The first thing you should do after an Indiana car accident is to ensure your wellbeing. Adrenaline might make it so that you don’t feel the full effects of your injuries immediately. But as you calm down from the initial shock, you’ll be able to evaluate how you feel.
Take a few moments to breathe in deeply and clear your head. You want to proceed with a level mind. Then, follow these steps after an Indiana car accident.
Steps to Take After an Indiana Car Accident
After you’ve taken a moment to assess your wellbeing and clear your head, follow these steps.
1. Call 911
Explain the situation and whether you’ll need an ambulance in addition to law enforcement to come out and document the accident scene. Request a police report to ensure you have documented proof of the accident to aid in your claim.
2. Seek Medical Attention
Even if you feel fine after a car accident, you should seek medical attention. An appointment with your primary care doctor can ensure you aren’t dealing with a hidden injury that you aren’t currently aware of. Follow all your doctor’s recommendations carefully and save all receipts and invoices for medical bills.
3. Document the Scene
Take photos and document witness contact information. You want to collect as much evidence at the scene as you can. Also, write down information about the attending law enforcement officer so you know how to get access to the police report if you need it.
4. Talk to a Car Accident Attorney
Protecting your rights means having an expert on your side to aid you in working with the insurance company and collecting evidence. If nothing else, you should at least schedule a free consultation with an attorney to learn some things to look out for while navigating your case.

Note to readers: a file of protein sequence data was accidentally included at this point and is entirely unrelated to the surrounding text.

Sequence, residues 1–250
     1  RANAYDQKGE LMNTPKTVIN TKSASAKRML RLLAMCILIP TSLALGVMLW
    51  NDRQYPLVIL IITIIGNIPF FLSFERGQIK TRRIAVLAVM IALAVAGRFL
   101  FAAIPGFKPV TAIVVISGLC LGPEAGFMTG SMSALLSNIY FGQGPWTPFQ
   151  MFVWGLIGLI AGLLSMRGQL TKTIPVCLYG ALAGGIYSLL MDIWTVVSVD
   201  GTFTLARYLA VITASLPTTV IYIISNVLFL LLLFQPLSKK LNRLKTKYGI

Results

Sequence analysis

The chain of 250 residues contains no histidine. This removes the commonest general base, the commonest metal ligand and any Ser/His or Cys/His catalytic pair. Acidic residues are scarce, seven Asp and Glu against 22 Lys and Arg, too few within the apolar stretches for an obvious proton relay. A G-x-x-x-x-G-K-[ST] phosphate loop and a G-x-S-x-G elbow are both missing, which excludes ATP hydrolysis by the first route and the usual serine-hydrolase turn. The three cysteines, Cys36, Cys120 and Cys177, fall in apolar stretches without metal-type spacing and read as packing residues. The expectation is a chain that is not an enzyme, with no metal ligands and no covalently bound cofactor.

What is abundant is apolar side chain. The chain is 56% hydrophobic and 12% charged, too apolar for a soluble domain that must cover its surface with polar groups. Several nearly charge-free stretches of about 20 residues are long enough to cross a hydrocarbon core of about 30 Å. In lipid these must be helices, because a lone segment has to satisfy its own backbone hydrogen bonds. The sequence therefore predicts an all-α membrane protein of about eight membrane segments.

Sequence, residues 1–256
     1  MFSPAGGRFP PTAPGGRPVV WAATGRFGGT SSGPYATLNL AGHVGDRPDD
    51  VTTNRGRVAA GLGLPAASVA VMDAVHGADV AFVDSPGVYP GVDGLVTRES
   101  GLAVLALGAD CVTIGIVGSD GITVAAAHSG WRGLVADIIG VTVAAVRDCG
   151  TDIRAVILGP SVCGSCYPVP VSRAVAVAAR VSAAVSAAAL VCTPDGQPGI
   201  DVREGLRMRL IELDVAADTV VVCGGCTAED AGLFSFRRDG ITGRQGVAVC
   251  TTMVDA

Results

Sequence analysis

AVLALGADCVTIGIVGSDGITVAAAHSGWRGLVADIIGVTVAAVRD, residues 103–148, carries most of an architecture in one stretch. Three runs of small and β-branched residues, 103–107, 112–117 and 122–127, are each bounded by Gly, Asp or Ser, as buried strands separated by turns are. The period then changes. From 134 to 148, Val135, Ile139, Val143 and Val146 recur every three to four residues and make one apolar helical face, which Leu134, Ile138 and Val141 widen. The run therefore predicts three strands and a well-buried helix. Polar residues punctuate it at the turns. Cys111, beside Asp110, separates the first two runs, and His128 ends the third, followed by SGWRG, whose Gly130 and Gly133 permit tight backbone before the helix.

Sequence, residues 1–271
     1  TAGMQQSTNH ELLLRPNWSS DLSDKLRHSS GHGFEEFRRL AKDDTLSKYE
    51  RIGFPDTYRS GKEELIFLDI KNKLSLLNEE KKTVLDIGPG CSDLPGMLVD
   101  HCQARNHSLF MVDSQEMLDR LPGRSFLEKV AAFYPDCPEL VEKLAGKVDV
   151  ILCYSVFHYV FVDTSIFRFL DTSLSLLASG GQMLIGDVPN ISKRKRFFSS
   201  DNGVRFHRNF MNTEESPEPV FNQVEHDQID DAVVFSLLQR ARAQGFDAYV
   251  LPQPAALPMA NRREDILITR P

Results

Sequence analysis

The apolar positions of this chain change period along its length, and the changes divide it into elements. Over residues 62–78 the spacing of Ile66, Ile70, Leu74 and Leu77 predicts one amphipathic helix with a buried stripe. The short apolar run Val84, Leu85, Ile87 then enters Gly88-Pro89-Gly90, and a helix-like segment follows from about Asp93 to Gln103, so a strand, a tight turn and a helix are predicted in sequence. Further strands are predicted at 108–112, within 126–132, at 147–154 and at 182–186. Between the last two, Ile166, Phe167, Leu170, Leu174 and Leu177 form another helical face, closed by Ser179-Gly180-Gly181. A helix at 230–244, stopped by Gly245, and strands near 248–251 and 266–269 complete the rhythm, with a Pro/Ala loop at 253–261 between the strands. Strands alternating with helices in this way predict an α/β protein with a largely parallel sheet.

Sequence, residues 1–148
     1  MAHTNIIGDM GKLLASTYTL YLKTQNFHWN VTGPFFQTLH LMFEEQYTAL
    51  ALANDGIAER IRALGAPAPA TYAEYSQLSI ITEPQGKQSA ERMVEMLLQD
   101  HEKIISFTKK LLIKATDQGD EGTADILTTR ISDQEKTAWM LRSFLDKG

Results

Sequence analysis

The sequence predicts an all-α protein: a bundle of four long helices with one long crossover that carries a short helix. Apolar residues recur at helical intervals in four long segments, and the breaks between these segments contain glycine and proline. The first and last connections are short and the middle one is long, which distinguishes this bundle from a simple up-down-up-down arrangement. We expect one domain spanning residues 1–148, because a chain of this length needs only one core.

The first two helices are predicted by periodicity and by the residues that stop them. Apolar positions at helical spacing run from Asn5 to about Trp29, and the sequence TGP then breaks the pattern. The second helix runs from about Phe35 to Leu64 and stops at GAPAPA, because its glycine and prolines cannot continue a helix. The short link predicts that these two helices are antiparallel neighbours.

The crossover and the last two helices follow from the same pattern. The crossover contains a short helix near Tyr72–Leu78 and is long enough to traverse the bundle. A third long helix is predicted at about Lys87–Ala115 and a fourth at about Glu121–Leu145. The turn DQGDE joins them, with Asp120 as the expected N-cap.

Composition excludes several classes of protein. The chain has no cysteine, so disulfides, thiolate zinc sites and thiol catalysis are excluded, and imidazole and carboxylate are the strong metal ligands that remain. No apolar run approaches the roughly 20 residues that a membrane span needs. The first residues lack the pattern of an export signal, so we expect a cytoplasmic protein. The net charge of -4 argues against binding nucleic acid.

What You Need to Know About Indiana Car Accident Claims
Indiana is an at-fault state for car insurance. That means that the claim to get your property repaired and your medical bills paid will be against the driver who caused the accident.
Additionally, Indiana operates under a modified comparative negligence rule. That means that you can’t pursue a claim against the other driver if you are 51 percent or more at fault for the accident.
Under the modified comparative negligence rule, your total compensation will be reduced by the percent you’re found at fault for the accident.
For example, if you’re found to be 20 percent at fault for an accident that resulted in $50,000 in damages, you’ll only be able to recover $40,000 from the other party.
What Is Negligence?
Because Indiana is an at-fault state, the courts will evaluate which party was negligent in their duties to the other driver, thereby causing the accident.
There are four main elements in evaluating negligence.
- The defendant had a duty of care toward the accident victim. In the case of a car accident, the answer is always yes because all drivers have a responsibility to look out for others on the roadway.
- The defendant breached that duty of care. This might have been due to speeding, breaking a posted law, or otherwise reckless driving.
- The breached duty of care directly caused the other motorist’s injuries.
- The victim suffered damages as a result of the plaintiff’s breached duty of care.
Thankfully, you are not responsible for determining negligence after a car accident. Your attorney will work to prove that the other driver was negligent and that you acted accordingly to avoid decreasing your total settlement due to comparative negligence.
Schedule a free consultation with Stewart & Stewart to learn more about how to proceed after an Indiana car accident.